You should retain a lawyer if you are the subject of a criminal investigation or believe that there is a felony warrant for your arrest. An attorney can provide prudent legal advice and proactive legal services in many respects including:
-Advising a client to remain silent or consenting to a police interview
-Arranging a court date to avoid an arrest on a felony warrant
-Gathering witness information before charges are filed
-Negotiating the case before charges are filed
-Hiring a private investigator or forensic expert (examine computer, bank activity)
-Being present at arraignment to address bond and release of a client
Click here for Part 2: Management of Felony Criminal Cases In Macomb County
If you are the subject of a criminal investigation or have been arrested; do not talk to the police and contact the ABDO LAW FIRM. Law enforcement officers are trained and have the upper hand. They will invariably use special interrogation tactics to gain confessions and admissions which can be used to establish criminal activity when the evidence is otherwise deficient or unsubstantial. The Fifth Amendment to the United States Constitution, provides that you have an absolute right to remain silent and that your silence cannot be used against you!
Our goals in every criminal case are twofold: avoid a conviction and avoid incarceration. When a client is charged with any criminal case, misdemeanor or felony, it is our role to scrutinize the facts and apply the law which may weaken the case, promote a favorable plea bargain or lead to an outright dismissal. After being retained, we order police reports and analyze the evidence. This may include obtaining witness statements, hiring a private investigator or doing a crime scene analysis. Your input and ours will be utilized in the aggressive defense of your case. In most situations, our firm is able to resolve criminal cases without trial. In addition, jail is rarely imposed for most offenders who follow our recommendations. We can also advise you regarding forfeiture of assets (usually in drug cases) and whether you should cooperate with the police.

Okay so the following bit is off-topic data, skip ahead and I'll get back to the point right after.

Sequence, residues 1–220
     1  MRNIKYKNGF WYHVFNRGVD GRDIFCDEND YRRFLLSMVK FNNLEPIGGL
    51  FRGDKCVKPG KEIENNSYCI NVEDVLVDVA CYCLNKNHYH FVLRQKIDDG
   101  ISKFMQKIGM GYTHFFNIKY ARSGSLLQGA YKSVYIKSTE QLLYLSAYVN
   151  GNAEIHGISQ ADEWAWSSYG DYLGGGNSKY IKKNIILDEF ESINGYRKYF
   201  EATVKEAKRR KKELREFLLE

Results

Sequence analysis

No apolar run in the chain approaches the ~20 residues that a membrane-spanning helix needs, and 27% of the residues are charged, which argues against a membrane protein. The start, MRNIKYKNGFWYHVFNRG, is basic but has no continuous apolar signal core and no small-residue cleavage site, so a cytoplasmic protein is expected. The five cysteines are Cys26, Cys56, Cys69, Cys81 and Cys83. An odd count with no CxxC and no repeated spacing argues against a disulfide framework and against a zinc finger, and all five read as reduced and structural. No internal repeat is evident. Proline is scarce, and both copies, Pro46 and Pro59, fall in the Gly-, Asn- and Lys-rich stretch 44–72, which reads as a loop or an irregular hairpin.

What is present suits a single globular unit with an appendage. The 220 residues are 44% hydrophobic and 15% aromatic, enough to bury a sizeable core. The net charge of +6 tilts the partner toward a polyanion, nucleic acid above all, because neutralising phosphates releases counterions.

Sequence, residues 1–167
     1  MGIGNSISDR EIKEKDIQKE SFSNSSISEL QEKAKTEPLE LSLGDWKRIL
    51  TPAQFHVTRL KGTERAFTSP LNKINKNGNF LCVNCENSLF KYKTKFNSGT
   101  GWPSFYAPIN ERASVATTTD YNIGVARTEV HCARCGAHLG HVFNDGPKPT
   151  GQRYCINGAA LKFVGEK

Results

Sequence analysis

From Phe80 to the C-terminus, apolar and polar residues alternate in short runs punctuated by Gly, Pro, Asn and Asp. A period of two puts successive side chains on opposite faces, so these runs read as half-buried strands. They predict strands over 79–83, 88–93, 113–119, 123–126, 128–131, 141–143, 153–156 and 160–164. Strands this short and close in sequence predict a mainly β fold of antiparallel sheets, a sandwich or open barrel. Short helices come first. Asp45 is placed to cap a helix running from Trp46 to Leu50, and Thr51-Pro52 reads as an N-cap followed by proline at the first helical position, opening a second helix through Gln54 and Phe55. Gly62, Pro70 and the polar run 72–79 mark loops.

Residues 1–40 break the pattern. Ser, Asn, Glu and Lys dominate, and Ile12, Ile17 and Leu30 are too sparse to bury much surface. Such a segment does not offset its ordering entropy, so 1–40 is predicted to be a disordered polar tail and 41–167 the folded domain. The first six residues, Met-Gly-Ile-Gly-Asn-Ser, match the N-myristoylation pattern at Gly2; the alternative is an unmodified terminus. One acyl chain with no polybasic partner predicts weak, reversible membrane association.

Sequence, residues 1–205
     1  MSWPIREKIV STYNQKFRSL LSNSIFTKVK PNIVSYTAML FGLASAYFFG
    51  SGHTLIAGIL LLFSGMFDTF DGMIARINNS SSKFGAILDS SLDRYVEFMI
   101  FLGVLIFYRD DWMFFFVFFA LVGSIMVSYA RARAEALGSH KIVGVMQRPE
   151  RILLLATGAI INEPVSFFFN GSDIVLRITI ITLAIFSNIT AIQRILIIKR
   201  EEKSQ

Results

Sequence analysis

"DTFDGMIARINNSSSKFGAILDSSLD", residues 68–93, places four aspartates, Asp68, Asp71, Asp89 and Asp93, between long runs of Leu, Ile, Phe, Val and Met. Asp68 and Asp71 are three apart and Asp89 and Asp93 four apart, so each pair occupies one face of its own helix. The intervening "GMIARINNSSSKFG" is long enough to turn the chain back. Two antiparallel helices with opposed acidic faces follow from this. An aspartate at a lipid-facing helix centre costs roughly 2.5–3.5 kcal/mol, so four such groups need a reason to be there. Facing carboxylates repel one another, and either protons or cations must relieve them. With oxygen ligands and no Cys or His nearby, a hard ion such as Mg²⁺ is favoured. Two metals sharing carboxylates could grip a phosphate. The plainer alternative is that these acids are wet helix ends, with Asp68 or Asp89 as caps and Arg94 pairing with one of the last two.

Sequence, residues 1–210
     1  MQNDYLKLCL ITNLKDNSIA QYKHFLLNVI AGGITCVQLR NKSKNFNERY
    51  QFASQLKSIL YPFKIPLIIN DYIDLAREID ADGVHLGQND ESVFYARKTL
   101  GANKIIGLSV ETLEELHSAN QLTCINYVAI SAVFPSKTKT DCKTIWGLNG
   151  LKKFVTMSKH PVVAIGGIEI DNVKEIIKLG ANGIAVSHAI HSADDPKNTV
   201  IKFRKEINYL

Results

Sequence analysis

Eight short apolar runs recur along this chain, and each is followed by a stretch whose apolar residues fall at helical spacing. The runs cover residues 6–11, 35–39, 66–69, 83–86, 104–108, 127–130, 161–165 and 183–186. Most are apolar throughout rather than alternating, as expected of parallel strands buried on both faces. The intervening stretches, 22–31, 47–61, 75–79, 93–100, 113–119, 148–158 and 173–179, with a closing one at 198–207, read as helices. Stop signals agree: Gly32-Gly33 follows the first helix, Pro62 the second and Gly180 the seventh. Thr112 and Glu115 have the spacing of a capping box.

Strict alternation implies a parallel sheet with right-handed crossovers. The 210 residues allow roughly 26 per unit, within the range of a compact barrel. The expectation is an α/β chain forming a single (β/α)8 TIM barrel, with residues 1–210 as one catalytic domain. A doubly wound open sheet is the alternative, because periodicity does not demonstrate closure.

We do not employ mystery and suspense in the relationships with our clients. We are proud to offer you blogs and a website that is user friendly and explains legal topics in plain English. Most of our web pages and blogs are in response to recent legal developments, common legal scenarios or frequently asked questions such as (Link: Can my case be dismissed if I wasn't advised of my Miranda Rights? Am I entitled to make a phone call if I am arrested?) This same transparency is evident when you contact our law firm. Whenever possible, we will dispel myths, explain the legal process and give you realistic predictions regarding the outcome of your case. In addition to free consultations, our firm also charges fixed flat rates with no hidden costs.
Please feel free to browse our criminal law case results and client testimonials.